Sunday, July 22, 2012

Sad farewells in Manila and sushi in Hokkaido

Good morning from another airport lounge after the very successful 10-show run of TRAVELIFE Drum Tao Nights. I'm on my way to Tokyo this morning, and from Narita Airport it's straight to Hokkaido for a much-needed break. Maybe no work this time, if that's at all possible in my life.

I thought it'd be a good idea to get some R&R in a hot springs resort in one of the most beautiful areas of this northernmost region of Japan for a few days, after the intensive last two weeks or so of work in Manila, working on our August-September anniversary issue (out on August 15) and on the amazing TRAVELIFE Drum Tao shows.

The night the Drum Tao arrived


The last show of TRAVELIFE Drum Tao yesterday was completely packed. There was not a single available ticket in the house and so many people were still lining up to buy tickets or scrambling for scalpers at the last minute. Someone even offered me major money for my own ticket -- wow, wouldn't that have come in handy for shopping in Japan -- but of course I wasn't selling mine. I wanted to watch this very last show.

Photo taken by Joey de Leon

Upon arriving at the venue, I stood in the foyer for a while to survey the crowds. This was not even gala night but what a great crowd we had for the last show. There were a couple of senators and big businessmen with their families, celebrities, culture vultures, and even a former Supreme Court chief justice or two.

There were so many families arriving, bringing three or even four generations -- from the grandparents to the great-grandchildren. Some people came in wheelchairs, others came with caregivers, and many people actually came alone. But that's how universal the appeal of TRAVELIFE Drum Tao was, that people of all ages and from all walks of life and inclinations were present for the very last show.


I watched the show four times, asking different people to come along with me each time; and I have to say that it was slightly different for each of those four shows. Nevertheless, I was completely mesmerized every time.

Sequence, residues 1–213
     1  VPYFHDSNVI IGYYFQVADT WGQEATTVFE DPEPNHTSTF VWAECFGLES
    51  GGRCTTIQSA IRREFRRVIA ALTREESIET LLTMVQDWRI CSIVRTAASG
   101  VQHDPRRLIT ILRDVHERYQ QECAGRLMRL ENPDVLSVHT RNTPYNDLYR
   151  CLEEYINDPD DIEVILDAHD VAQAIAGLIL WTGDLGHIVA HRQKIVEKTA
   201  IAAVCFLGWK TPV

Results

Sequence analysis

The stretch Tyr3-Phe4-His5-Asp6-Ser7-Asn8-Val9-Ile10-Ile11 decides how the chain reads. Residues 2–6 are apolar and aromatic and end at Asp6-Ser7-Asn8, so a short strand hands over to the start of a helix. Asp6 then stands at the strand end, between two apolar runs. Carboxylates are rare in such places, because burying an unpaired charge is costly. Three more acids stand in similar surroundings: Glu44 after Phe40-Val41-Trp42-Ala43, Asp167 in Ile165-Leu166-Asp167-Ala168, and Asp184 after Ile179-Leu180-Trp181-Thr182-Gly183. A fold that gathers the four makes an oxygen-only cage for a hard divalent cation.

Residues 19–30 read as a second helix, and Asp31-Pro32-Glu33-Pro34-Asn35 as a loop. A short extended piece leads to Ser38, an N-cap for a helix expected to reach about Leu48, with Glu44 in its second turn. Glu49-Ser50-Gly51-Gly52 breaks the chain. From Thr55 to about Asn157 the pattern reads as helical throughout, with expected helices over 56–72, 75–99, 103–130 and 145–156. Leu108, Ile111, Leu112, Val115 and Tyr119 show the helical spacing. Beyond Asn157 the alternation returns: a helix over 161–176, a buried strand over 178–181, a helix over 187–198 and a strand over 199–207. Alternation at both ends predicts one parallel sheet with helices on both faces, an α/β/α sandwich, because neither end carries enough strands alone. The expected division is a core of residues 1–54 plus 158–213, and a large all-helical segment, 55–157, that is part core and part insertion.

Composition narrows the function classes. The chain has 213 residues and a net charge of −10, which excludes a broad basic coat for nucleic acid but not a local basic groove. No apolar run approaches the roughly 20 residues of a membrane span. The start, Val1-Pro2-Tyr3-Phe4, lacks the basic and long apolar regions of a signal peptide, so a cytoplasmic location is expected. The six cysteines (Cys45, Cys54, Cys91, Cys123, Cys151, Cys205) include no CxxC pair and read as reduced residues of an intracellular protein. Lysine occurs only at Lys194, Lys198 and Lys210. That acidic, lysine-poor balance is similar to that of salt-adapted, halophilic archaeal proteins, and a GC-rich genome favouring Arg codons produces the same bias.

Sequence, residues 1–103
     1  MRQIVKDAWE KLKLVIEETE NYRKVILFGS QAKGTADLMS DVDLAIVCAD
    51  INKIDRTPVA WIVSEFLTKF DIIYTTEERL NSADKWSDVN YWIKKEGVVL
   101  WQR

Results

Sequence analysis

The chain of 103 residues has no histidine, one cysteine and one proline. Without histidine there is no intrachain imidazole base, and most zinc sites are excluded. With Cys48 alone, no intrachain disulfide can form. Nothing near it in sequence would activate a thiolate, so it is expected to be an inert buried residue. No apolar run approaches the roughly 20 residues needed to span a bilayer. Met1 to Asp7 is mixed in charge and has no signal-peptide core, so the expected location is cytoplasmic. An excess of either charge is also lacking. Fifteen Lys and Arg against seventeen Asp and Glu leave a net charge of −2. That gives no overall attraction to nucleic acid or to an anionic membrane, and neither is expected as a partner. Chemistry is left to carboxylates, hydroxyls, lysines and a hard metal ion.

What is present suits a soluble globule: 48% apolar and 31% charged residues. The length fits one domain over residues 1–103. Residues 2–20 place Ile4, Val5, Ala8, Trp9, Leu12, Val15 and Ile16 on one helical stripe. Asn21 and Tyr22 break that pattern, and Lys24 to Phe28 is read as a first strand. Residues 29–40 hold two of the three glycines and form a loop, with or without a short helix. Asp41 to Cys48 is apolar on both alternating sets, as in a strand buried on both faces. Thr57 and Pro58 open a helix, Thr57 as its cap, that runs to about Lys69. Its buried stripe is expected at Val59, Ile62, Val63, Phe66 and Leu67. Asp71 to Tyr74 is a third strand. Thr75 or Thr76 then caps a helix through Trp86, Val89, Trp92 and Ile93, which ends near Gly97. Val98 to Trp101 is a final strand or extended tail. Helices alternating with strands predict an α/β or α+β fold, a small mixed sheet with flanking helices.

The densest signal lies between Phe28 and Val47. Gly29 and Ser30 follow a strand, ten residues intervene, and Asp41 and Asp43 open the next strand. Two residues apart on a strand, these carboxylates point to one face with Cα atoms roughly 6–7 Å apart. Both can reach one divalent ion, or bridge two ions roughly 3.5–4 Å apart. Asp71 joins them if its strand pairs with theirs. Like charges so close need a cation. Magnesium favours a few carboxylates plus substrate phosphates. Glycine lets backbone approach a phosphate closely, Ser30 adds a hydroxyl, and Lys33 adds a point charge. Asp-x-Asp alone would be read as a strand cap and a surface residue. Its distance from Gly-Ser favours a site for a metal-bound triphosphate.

After the show, Len de la Torre, director of our partner Establish Events, asked me: "You watched so many shows. Which did you like best?"

Tough question. They were all good. But instinctively, I replied: "I still like the Gala Night the best."

Yes. That was the very first show, and it was a glittering first night, when we all laid eyes on the Drum Tao for the first time in Manila.

This was the night we'd formally launched TRAVELIFE Drum Tao Nights as well with a speech from the Ambassador of Japan -- who had something like five events that night, but he'd made it to TRAVELIFE Drum Tao Night, and he and his wife had watched the entire show -- and myself; and I'd watched the show surrounded by all my friends. Or at least all my friends who were in Manila at that time.


I put most of my friends on the left side of the theater, and my La Sallite friend M and I had sat in the ambassadorial row together with all the ambassadors I've come to know very well over the years.

Almost everyone was there save for a couple of ambassadors who were away from the Philippines that particular week. And my seatmates cracked jokes and exchanged comments throughout the show, making it so lighthearted and enjoyable.

When we weren't being mesmerized by what we saw, we were laughing and exchanging banter.


But yesterday, at the end of the 10th show, the Travelife team present all felt slightly sad to be seeing the Tao drummers give their final show. We'd been living and breathing Tao drum for so many weeks now, and finally it was over.

Photo by Joey de Leon

As the curtain went down on the stage and the performers stood there saying goodbye, even I found myself waving to say farewell to the wonderfully energetic group from southern Japan who had captured Manila by storm. Literally by storm.

Goodbye for now. The next time you'll hear from me, I'll be in the land of sushi. Hopefully eating a very good one.


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